Date of Award
Ph.D. in Counselor Education
Leadership and Counselor Education
Lori A. Wolff
Gay M. Barnard
Mandy L. Perryman
Falender and Shafranske (2004) stated it is “essential for clinicians to develop and understanding of all the influences, from conscious beliefs and culturally embedded values to unresolved conflicts at the margin of awareness, that contribute to clinical practice” (p. 81). The purpose of this study was to meet this professional imperative by developing an instrument designed to assess moral distress among counselors working with children and/or adolescents. Using open-ended surveys and semi-structured interviews, detailed descriptions of participants’ experiences of moral distress were obtained in order to gain an initial understanding of the ways in which the phenomeonon is experienced in the context of counseling. Based on these participants’ experiences, a thematic structure was identified, from which an initial item pool was generated. A 106-item instrument was constructed, which was pilot tested with two samples, one consisting of counselors and counselor educators used to assess item and sub-theme representativeness and acceptability, and the other of laypersons used to assess non-validity issues. Inter-rater agreeability and qualitative feedback was analyzed to arrive at a parsimonious instrument that demonstrated acceptable content and face validity. As a result, a modified instrument consisting of 63 items was finalized, which assesses moral distress across eight domains, and demonstrates promising validiy overall.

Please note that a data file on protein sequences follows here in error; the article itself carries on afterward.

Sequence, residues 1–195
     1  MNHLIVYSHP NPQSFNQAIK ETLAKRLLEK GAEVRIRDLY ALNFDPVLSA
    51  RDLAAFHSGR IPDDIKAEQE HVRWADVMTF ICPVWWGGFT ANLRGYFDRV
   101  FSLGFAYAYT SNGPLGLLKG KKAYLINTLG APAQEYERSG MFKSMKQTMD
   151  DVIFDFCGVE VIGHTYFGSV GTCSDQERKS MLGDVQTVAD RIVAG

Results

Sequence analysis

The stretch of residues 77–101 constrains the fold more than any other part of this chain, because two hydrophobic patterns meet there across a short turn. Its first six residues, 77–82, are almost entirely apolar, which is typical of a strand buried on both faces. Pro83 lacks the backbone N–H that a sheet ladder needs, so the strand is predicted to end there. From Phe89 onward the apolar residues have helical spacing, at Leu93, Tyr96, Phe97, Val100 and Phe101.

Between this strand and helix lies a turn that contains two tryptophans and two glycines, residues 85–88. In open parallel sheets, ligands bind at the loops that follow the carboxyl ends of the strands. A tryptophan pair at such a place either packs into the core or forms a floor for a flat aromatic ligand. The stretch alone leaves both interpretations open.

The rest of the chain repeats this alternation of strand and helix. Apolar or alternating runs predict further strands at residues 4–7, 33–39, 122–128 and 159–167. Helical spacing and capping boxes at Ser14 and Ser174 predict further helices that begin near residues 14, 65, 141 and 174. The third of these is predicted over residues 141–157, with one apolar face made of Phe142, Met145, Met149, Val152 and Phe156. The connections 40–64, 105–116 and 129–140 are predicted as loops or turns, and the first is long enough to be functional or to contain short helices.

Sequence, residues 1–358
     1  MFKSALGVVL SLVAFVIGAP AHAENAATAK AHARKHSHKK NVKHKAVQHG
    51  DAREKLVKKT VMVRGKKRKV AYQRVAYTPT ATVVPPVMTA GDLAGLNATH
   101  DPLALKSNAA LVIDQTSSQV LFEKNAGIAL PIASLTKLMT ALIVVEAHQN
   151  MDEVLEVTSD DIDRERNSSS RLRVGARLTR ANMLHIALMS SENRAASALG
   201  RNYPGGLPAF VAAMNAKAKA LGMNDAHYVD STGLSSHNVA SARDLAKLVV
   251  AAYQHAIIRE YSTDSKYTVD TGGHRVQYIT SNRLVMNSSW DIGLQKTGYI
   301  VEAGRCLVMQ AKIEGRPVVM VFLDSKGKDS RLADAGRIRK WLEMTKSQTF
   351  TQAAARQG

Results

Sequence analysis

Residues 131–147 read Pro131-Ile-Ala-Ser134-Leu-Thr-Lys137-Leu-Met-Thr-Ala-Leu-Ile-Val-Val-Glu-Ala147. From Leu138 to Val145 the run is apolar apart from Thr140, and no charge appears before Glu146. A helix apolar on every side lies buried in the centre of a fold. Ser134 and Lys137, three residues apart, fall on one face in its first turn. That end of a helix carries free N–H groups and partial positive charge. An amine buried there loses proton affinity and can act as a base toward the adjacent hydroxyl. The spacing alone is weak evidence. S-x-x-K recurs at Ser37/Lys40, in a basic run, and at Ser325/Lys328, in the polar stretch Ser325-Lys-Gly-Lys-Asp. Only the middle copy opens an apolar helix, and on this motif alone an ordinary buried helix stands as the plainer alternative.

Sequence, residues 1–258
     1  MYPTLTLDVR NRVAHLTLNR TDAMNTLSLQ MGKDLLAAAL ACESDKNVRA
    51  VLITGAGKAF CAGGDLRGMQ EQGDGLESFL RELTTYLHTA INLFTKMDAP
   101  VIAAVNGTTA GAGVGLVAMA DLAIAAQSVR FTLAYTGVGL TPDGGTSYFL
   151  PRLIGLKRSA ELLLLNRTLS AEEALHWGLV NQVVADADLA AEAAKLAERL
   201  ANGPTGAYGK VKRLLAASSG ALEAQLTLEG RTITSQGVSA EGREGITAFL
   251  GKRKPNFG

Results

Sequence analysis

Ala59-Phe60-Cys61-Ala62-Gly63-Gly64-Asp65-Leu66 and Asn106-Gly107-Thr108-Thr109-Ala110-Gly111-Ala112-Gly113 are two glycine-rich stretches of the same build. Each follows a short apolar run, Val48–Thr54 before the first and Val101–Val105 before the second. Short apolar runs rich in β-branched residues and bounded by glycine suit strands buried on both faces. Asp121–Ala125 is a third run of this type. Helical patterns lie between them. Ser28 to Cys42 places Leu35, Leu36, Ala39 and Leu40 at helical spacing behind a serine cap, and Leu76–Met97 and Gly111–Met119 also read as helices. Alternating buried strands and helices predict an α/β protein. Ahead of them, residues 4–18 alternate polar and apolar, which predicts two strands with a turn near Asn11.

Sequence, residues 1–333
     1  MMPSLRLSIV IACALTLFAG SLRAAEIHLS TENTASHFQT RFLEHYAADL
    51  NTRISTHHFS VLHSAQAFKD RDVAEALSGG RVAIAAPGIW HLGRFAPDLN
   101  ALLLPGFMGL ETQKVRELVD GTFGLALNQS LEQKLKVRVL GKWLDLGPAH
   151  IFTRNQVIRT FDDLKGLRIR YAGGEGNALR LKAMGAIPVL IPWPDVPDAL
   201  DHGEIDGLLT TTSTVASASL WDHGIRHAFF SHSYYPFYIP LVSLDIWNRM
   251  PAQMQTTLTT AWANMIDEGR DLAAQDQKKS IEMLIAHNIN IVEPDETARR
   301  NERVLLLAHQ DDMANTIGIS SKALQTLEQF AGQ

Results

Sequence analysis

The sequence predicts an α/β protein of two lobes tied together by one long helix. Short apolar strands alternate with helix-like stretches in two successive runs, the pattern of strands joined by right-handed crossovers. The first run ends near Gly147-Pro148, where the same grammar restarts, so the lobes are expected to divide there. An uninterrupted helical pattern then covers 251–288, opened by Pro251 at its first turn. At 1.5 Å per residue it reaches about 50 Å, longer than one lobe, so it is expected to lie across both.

Turnage-Butterbaugh, Ian Scott, "Development and Validation of an Instrument to Measure Moral Distress Among Counselors Working with Children and Adolescents" (2015). Electronic Theses and Dissertations. 1375.